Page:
Organizations seek insight into the cost of care and a “future-proof” investment in next-generation software. Healthcare organizations are no exception. As they increasingly consider their ERP needs, however, they increasingly look to the cloud instead of on-premises products.
Enterprises in healthcare have been slow to adopt cloud-based ERP products. It is a market “in transition,” according to Gartner’s latest ERP market guide, with fewer than 5 percent of enterprises hosting operational ERP deployments in the public cloud.
“I want to get out of the data center business and get into the public cloud and then into the private cloud,” says David Chou, chief information and digital officer at Children’s Mercy Kansas City, which is in the process of completing its ERP implementation. “The vendor community is moving that way. It creates speed,” he says. “It lets them scale and be agile. It offers flexibility that you don’t get in on-premises software.”
With ERPs, Providers Know the True Cost of Care
The term “ERP” refers to the integrated, real-time management of core business processes such as cash flow, payroll, capacity planning and purchasing. For hospitals and healthcare systems, ERP systems help eliminate financial data silos, as these organizations have traditionally managed revenue (from patients and insurance claims) and expenses (capital, labor, supply chain and so on) using disparate software systems.
In many cases, competing for business priorities kept healthcare organizations from implementing an ERP system. A 2016 Black Book survey found that fewer than 30 percent of hospitals had an ERP system in place. Investments in electronic health records, cybersecurity, the transition to ICD-10, population health management and analytics were all named as a higher priority than ERP, according to the survey. While 30 percent seems low, it is not far from average: Software Advice recently found that only one-third of enterprises across major verticals use an ERP system, with another 44 percent using disparate systems.
Healthcare’s ongoing shift to value-based care has put pressure on hospitals to better understand the true cost of delivering care, whether it’s per individual episode of care or per disease state or diagnosis. This need for better insight into the cost of care, coupled with the obsolescence of the ERP systems that many hospitals had in place, has triggered interest in cloud-based ERP systems.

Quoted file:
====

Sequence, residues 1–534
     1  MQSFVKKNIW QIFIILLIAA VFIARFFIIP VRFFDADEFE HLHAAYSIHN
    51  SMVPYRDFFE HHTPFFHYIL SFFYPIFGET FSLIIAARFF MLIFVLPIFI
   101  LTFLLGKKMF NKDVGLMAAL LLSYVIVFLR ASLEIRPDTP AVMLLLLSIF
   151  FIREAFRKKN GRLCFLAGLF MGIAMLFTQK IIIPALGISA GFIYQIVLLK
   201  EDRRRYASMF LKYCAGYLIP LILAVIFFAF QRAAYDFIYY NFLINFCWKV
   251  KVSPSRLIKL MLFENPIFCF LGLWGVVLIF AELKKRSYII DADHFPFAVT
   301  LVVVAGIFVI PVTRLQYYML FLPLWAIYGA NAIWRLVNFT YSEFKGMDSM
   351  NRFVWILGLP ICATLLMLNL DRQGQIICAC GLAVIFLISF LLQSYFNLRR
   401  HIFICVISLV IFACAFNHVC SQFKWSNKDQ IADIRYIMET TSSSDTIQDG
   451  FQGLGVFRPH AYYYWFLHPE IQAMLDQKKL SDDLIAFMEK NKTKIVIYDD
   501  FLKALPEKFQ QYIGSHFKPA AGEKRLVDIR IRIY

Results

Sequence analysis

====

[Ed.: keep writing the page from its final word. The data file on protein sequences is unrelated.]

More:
“The back office has been neglected, but it’s come to the forefront now, and there’s a big influx of investment,” Chou says. “The back office is just as important as the EHR.”
“Organizations such as Children’s Mercy have several motivations for implementing an ERP system,” Chou says. They may look for opportunities to improve supply chain efficiency and staff productivity, especially at times such as flu season when hospitals see a high volume of patients. They may reevaluate operating costs, especially if executives are considering a transition to value-based business models.
“ERP systems also support organizations that are in the process of merger, acquisition or affiliation,” says Mary Kilmer, executive director of Oracle Healthcare.
“A cloud-based holistic platform based on a single data model across finance, supply chain and human resources supports this emerging operating model and the assimilation of new entities with embedded cross-operational best practices,” Kilmer says.
Cloud-Based ERPs Support the Future of Healthcare
Chou notes that cloud-based ERP systems from vendors such as Oracle, SAP and Workday are fairly new to the market, regardless of vertical. As a result, vendors face the challenge of making these products operational for clients currently using on-premises systems.
“They’re on the decision-making cusp. They’re asking, when do I go to the latest version, and is it ready for me?’” he says.
One way that vendors are addressing this challenge is to support more strategic analysis in addition to traditional outcome management, Kilmer says. Such analysis can include an organization’s Medicare cost-to-charge ratio, its costs and margins for individual service lines, and the relationship between care costs and various quality metrics.
“Analytics need to not just tell you what just happened, but what is happening now, and predict what will happen next,” Kilmer says. Embedding a range of technology into ERP systems, from machine learning to blockchain to chatbots, can further support organizations’ analytics efforts, she adds.
The biggest motivation for a move to a cloud-based ERP system, though, is to make an investment with an eye to the future.
If you have an older, on-premises product, Chou says, “You have to do something to be current and the only product that you can buy that’s future-proof is on the cloud.”
https://erpnews.com/v2/wp-content/uploads/2018/11/healtcare-system-cap.jpg200268volkanhttps://erpnews.com/v2/wp-content/uploads/2018/10/[email protected]volkan2018-11-28 22:12:342018-12-13 12:02:24As Healthcare Turns to ERP, It Also Turns to the Cloud
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